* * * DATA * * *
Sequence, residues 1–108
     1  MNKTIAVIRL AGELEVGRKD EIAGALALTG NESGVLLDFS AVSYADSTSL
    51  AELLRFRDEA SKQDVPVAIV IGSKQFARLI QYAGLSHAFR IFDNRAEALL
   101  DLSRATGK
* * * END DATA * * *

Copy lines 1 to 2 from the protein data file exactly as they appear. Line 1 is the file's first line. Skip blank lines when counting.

Sequence, residues 1–108
     1  MNKTIAVIRL AGELEVGRKD EIAGALALTG NESGVLLDFS AVSYADSTSL